By Jodie Lynn
My six-year-old-son is in a boy's club that teaches boys how to do various hands-on activities. The leader has suggested that they camp out as a group for stronger bonding. There are about ten other boys in the club. However, my son is petrified of spending the night away from home. How can I introduce him to the good things about staying away from home and the fun he will have from doing so?
ANSWER FROM READER:
Ask the leader if he needs any adult volunteers for that specific night. Normally, they do and will appreciate parents who are able to come on board. However, if your son would truly benefit from the overnight camping trip, perhaps you could stay as long as possible and then leave telling him that you will be back in the morning. If while you are preparing to leave he becomes anxious and upset, just take him with you. Like you said, the trip is for a bonding experience, which it won't be if he is truly scared. Just explain all of this to the leader beforehand so that there are no surprises should your son need to leave when you do. - A. H. in Memphis, TN
While I realize that there may be some six-year-olds that do spend the night with friends and relatives, it is actually a little young for an overnight, outdoor camping trip or really any kind of overnight experience without adults, unless it is at his own house. Surely, the boy's club leader would welcome as much information about your son as possible and may even change it to an outdoor adventure that would end at an acceptable time during the same evening for all of the kids. Camping is a wonderful experience for kids and should be held in high regard as a positive bonding event. Should there be anything scary or stressful about it, just like with anything else, it could very well be years before he considers trying it again. If he has already displayed this type of anxiety, I would pass on it until he gets a couple of years older. The last thing he needs at this point is to have his fears negatively exploited in front of several other children ending in fear of future experiences away from home.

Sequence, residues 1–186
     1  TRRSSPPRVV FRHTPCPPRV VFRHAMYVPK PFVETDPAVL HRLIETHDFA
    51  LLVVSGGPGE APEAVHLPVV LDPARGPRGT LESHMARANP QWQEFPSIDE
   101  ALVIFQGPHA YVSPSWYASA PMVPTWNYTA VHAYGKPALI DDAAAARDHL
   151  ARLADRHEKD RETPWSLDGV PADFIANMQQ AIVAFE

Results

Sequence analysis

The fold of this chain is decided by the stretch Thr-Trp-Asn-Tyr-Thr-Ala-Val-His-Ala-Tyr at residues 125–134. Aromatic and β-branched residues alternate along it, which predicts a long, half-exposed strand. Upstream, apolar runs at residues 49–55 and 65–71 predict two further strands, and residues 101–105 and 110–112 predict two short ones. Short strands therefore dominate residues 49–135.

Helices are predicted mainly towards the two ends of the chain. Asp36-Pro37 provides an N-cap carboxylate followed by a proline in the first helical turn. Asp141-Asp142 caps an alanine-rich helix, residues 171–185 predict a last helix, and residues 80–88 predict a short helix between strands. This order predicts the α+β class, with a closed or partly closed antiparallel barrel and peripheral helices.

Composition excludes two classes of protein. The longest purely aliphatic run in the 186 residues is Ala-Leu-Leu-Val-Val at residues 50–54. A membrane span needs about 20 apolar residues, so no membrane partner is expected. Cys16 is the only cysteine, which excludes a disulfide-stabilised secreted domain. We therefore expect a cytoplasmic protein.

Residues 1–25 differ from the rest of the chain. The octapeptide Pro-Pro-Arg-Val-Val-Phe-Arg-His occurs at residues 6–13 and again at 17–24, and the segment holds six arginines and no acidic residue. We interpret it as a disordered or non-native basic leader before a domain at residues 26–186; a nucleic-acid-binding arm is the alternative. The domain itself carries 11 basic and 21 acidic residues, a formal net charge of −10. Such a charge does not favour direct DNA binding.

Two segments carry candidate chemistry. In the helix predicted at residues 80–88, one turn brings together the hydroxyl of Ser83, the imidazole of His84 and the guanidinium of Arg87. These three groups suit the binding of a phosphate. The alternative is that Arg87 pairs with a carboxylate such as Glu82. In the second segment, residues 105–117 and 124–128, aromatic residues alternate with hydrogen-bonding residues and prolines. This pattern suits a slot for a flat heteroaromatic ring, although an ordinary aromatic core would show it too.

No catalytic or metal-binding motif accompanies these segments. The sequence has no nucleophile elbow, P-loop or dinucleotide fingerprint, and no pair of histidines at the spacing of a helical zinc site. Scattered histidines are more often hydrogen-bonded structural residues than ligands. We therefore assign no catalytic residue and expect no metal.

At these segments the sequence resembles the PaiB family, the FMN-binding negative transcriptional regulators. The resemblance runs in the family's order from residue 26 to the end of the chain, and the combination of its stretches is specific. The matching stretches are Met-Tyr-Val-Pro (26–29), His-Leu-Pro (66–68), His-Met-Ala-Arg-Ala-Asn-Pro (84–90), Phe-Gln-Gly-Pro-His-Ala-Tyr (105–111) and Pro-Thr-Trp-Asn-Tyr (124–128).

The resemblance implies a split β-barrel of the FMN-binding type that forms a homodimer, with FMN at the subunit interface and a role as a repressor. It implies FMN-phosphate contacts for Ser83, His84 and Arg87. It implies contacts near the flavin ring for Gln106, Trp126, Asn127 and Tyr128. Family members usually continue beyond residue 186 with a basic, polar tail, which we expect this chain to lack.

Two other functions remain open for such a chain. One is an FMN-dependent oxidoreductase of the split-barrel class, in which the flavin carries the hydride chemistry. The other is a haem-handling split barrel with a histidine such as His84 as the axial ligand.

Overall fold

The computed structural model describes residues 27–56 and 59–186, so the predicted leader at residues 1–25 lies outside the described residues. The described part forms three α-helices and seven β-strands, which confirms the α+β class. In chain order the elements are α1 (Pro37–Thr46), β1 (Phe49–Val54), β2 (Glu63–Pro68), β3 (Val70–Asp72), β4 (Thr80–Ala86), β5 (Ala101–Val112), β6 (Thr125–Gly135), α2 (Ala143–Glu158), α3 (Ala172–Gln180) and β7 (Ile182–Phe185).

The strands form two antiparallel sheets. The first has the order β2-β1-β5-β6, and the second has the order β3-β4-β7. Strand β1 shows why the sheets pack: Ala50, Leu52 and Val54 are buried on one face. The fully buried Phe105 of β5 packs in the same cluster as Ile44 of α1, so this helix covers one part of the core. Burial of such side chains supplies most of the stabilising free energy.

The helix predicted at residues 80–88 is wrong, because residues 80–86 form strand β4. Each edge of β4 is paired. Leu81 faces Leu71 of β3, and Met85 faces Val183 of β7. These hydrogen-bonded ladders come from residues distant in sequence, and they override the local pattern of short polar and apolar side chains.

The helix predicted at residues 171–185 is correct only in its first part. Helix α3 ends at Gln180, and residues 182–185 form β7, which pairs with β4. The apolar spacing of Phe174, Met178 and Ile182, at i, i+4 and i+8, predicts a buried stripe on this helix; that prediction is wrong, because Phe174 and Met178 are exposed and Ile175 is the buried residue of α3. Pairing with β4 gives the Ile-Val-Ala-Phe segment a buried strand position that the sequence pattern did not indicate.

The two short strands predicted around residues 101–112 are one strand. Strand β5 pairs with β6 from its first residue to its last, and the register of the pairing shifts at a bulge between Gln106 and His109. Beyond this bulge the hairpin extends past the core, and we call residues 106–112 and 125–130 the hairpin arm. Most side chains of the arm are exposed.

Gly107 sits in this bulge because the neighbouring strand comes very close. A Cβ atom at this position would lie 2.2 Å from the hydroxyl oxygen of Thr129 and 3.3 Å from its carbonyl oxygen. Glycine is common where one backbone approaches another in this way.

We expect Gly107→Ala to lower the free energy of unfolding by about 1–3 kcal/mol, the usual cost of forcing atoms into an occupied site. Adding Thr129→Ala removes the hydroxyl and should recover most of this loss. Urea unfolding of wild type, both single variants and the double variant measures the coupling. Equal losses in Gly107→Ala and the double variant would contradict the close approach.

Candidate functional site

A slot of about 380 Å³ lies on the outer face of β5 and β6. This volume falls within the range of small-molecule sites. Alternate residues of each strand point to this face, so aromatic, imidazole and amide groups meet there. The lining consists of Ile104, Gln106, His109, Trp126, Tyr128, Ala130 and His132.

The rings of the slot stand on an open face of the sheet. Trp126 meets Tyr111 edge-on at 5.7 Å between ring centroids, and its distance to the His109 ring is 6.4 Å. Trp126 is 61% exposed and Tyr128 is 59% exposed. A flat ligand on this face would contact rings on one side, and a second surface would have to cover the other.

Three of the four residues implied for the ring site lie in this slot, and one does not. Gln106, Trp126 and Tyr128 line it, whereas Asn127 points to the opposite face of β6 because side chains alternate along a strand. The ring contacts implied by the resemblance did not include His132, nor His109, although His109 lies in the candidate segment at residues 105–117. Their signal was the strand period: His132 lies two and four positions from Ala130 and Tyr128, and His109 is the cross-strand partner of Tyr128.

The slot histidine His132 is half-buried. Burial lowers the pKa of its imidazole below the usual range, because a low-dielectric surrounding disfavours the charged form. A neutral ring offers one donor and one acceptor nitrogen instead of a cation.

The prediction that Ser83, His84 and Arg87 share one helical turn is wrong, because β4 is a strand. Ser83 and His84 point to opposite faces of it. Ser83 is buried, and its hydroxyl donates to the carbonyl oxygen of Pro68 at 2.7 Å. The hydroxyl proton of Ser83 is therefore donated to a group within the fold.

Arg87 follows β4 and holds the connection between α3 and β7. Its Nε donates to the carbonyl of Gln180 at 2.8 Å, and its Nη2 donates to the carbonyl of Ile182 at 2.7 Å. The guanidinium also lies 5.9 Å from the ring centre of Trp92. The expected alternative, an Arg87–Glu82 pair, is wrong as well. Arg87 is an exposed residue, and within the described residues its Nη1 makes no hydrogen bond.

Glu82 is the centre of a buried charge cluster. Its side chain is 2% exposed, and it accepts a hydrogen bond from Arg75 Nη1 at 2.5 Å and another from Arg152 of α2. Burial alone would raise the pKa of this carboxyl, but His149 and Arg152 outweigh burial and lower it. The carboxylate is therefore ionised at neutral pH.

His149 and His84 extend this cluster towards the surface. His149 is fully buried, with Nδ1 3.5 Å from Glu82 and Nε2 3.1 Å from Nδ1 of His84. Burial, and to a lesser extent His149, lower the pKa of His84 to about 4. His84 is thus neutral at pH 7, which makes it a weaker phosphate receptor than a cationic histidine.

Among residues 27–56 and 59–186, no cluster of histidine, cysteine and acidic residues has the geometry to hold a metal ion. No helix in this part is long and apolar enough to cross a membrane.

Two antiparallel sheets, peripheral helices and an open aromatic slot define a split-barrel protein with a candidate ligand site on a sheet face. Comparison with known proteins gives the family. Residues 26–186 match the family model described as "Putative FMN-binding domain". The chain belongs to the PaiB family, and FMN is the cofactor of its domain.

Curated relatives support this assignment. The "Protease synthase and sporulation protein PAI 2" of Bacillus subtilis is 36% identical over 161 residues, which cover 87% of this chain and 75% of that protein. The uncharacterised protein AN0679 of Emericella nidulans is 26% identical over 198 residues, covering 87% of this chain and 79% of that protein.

CAN YOU HELP?
I am shocked at the amount of sugary products still offered to our children in the snack machines. In fact, there are three of them located in prominent spots throughout my children's small private school. Is it allowed because it is a private school and they are not governed by stricter health food laws? Are there any mandated health food laws when it comes to children and the snack machines? How do I go about bringing this topic up with the principal without appearing to be a complaining parent?
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